On 19 July, , British Prime Minister, David Cameron gave a speech that should perk up the ears of Distributists, especially any that live in United Kingdom. Mr. Cameron’s “Big Society” initiative seeks to divest responsibilities and authorities absorbed by the British Parliament and transfer them to the local level. Of course, this is already being harshly criticized by groups with operational ties and other vested interests in the central government, but this initiative has the potential to unleash precisely the sort of philosophical shift that men like Chesterton and Belloc knew would be necessary if Distributism were to ever have a chance. Now, I don’t assume that Mr. Cameron is a Distributist – he may or may not be – but I can’t help picturing Messrs. Chesterton and Belloc smiling.
21 July, 2010
19 July, 2010
This article was originally published by
The Distributist Review on 19 July, 2010
It’s campaign time again in the US. The issue of how political campaigns are financed has become a popular topic in recent years, with both of the major parties accusing each other of bad practice. Everyone knows that the ability to fund political campaigns has a direct influence on political policies. Our constitutional republic is supposed to act in the interests of the several states and the people, not those of corporations, union leaders, or other groups. However, as John Médaille says, we really live in a republic of PACs. As long as organizations with large bank rolls can exert influence on our government’s policies, putting their interests over those of the people, we will remain a plutocracy.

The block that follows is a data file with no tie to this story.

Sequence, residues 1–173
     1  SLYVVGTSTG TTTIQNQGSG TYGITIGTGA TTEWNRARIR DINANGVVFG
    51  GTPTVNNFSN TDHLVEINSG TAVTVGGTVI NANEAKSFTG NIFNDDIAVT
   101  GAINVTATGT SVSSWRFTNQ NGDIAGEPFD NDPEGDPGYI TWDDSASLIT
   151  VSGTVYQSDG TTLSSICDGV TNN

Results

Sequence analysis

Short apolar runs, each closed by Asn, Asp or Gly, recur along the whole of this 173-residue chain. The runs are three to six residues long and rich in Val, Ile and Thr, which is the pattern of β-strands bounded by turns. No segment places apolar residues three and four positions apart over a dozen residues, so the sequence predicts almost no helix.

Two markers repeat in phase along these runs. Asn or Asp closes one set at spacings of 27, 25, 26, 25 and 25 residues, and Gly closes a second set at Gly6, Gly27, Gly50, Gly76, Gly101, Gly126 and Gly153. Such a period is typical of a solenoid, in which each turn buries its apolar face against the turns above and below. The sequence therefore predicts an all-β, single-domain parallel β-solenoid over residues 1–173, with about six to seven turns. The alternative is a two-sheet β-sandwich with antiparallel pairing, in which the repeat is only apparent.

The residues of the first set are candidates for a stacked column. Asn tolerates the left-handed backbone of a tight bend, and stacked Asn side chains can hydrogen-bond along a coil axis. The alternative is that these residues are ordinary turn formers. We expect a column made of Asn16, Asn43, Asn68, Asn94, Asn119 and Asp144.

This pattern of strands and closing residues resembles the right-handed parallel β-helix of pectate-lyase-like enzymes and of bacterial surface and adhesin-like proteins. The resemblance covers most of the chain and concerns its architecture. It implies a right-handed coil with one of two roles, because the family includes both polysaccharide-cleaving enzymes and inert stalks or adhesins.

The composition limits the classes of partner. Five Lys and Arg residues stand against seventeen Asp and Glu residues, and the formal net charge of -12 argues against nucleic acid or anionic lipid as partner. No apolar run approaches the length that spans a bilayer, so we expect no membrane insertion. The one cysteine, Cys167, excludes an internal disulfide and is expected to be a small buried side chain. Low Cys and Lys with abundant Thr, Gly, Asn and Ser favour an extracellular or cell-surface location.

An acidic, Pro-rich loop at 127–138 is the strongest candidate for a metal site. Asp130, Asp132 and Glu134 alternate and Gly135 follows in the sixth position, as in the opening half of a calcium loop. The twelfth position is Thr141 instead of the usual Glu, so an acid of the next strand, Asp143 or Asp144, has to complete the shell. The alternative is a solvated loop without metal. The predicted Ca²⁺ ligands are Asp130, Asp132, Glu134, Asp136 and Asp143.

13 July, 2010
Tim Duy asks “Why Is the American Jobs Machine Broken?” In the article, he describes the discussions economists are having about the reasons the job market continues to decline, and declares that he has become a heretic in regard to the theories of Free Trade. The fact that economists are beginning to question their policies is only the beginning. The only choices they appear to see are between Free Trade and protectionism. In fact, the issue goes much deeper than that. This small crack in the faith of modern economists is just the first step in a long journey to seeing what is truly necessary for economic stability.